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Combination Therapies Mix Things Up at EORTC

by Jon Waterman Smith, December 2, 2014 at 08:00 AM | Tags

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Crown Bioscience recently attended the 26th EORTC-NCI-AACR Symposium on Molecular Targets and Cancer Therapeutics in Barcelona. As well as manning a popular booth and presenting four scientific posters, we also reviewed the best of the drug development research on display. A particularly hot topic at this year’s conference was combination therapies.

Combination therapies are extremely common in oncology. Locally confined surgery and radiotherapy is often used with systemic chemotherapy to target both the original tumor and any metastasis. Combination chemotherapy uses two or more drugs with different mechanisms of action to target particular cancer attributes and to hopefully decrease the chance of resistance to the regimen developing. Novel therapies coming through oncology trials such as targeted agents are more likely to be used in combination regimens than as single agent treatments, and the importance of understanding how best to combine anticancer agents was top of the agenda at this year’s EORTC meeting. The Michel Clavel Lecture covered ‘Rational Combination Therapies for Cancer’ and the Keynote Lecture on ‘Immunocheckpoints - Gateway to Immunotherapy’ also discussed how up and coming immunotherapies are being used in combination regimens. Dr Rajendra Kumari, CSO of PRECOS Ltd, UK, a Crown Bioscience company who attended the conference says “both the Michel Clavel and Keynote Lecture were a great start to the scientific programme, focusing on key areas of opportunities in cancer treatment – another area of breakthrough which prompted great discussions was the liquid biospies workshop on Day 2 of the conference".

We have looked back over the conference to give you a taste of the best combination studies presented. An interesting late breaking abstract (11LBA) looked at a Phase I trial using a BRAFV600 inhibitor with cetuximab (targeting EGFR), either with or without the PI3K inhibitor alpelisib in advanced BRAF-mutated colorectal cancer. These cancers do not respond to BRAF inhibitors, with inhibition associated with activation of EGFR. Preclinical studies suggest strong synergism for BRAF and EGFR inhibitors combined with a PI3K inhibitor in this indication, and the study aimed to take a look at safety and preliminary activity of either the dual or triple combination in cancer patients. Overall response rates in 54 patients were promising – 23% for the dual treatment and 25% when alpelisib was added, with 1 and 4 unconfirmed complete responses, respectively. While these therapies were not compared with standards of care, the researchers did note that progression-free survival times of 16 and 19 weeks (dual and triple therapy, respectively) were nearly double those for patients who have previously been given the current standard of care.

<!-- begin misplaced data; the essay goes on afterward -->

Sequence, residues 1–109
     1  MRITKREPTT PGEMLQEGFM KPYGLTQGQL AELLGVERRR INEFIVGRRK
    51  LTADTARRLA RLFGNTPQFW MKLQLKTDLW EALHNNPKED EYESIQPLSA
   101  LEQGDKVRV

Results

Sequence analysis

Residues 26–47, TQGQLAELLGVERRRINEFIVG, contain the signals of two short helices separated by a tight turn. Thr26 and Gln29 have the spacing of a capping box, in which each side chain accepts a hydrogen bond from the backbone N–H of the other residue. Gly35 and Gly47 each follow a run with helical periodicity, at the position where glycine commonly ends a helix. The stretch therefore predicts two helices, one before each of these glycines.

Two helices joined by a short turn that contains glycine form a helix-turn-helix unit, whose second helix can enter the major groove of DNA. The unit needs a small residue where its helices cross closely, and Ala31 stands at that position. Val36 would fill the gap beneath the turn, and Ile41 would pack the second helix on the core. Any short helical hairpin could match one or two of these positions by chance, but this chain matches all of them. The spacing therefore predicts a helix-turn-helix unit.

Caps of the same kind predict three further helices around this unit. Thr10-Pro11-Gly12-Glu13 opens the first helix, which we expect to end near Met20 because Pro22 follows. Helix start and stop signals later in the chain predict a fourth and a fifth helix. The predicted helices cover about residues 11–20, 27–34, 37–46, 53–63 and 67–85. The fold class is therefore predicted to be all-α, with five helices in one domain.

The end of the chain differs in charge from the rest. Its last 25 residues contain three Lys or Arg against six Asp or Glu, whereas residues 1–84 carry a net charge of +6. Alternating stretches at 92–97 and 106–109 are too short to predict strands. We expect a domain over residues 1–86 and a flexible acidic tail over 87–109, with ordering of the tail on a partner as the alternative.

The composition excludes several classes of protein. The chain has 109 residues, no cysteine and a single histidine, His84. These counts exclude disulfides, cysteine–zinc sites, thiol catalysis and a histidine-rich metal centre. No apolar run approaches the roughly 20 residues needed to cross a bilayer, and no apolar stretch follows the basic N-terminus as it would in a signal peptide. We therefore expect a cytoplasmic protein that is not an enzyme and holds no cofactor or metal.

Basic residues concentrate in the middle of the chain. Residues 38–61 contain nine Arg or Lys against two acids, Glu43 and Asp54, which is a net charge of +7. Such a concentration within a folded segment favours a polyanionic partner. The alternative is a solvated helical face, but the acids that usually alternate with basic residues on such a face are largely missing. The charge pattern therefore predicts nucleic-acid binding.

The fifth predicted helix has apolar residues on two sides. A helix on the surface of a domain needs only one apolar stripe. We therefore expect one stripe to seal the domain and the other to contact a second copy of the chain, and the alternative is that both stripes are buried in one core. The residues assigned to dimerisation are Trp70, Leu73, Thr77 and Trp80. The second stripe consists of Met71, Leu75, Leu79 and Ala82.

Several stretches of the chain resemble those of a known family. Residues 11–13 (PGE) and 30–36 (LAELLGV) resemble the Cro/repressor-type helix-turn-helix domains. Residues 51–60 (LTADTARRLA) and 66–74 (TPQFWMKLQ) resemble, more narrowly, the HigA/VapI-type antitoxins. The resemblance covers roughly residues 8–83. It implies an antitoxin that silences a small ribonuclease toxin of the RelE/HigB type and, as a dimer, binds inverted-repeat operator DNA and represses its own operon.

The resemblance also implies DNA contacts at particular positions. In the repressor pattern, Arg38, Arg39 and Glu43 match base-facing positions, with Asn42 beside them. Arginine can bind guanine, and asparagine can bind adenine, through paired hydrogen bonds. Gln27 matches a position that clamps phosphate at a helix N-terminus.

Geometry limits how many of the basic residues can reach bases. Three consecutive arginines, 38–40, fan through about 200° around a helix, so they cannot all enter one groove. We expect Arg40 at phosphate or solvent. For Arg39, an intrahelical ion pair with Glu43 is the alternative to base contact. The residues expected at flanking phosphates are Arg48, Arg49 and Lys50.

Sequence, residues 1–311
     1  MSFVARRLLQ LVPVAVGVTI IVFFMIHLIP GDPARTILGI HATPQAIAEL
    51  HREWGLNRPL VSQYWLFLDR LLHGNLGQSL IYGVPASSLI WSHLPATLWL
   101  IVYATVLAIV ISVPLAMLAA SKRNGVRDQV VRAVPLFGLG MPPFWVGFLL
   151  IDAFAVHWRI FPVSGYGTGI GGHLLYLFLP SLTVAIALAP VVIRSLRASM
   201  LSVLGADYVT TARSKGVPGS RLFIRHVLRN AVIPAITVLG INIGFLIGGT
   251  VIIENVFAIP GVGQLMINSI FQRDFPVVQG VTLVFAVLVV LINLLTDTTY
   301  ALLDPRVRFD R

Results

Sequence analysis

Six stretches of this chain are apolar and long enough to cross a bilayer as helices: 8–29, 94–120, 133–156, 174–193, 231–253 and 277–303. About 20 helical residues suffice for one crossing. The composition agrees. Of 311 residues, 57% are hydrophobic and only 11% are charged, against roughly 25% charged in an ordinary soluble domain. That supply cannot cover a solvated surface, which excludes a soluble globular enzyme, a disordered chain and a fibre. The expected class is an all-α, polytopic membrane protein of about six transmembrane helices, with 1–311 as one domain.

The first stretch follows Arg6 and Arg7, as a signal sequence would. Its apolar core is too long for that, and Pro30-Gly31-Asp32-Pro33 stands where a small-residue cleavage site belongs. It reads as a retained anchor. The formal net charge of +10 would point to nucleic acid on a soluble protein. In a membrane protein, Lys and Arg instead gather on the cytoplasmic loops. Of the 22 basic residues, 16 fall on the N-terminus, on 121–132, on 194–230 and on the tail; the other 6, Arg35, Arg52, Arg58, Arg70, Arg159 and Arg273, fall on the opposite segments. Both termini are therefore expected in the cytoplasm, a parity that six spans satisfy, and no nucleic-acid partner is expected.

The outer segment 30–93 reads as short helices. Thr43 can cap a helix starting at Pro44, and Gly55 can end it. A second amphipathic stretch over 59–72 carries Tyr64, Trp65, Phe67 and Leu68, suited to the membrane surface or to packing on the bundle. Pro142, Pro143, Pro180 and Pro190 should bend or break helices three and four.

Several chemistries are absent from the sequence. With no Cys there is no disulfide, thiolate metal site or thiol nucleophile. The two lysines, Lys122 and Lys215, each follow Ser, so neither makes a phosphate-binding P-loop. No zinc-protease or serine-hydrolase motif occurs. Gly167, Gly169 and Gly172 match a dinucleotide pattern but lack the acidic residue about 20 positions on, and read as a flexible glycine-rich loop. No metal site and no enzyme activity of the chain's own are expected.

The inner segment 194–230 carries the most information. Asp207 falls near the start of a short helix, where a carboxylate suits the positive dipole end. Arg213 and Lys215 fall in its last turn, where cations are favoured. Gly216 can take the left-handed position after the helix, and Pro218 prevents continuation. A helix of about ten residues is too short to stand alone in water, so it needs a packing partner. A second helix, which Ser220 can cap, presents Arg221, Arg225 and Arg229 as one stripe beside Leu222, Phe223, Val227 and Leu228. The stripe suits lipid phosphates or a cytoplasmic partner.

The combinations were well tolerated, with the most common treatment-related adverse events being fatigue and infusion reactions (dual therapy), and nausea and diarrhea (triple therapy). While this combination is still in the early days of testing, these preliminary data represent a step forward for metastatic colorectal cancer patients who have failed current standard therapies and have extremely limited treatment options. Recommended Phase II dosing levels were estimated for each regimen for moving forward into the next phase of clinical trials.

Crown Bioscience are delighted to see positive results emerging in cancer areas with a high unmet need, and a greater understanding of combination treatment regimens. Through our Precision Profiling and Translational Oncology Platform we can help you to identify how best to make your treatment work – whether this is adding to current standard of care therapies or in a combination regimen. We utilize the most predictive preclinical models available (patient-derived xenografts; PDX) in Phase II-like human surrogate trials (HuTrials™) to identify the best treatment combinations in your cancer indication of interest. Each patient-derived xenograft model from an individual cancer patient can be enrolled in multiple HuTrial arms, including placebo, standard of care, and different anticancer agent regimens to evaluate which exact use of your drug gives maximum response before you enter the clinic. Crown Bioscience has the largest commercial collection of over 1,100 patient-derived xenograft models, including approximately 200 colorectal cancer models, including those with V600 mutation.

Contact us at busdev@crownbio.com to talk to our experts about how Crown Bioscience can drive forward your combination regimen and patient-derived xenograft model research today.


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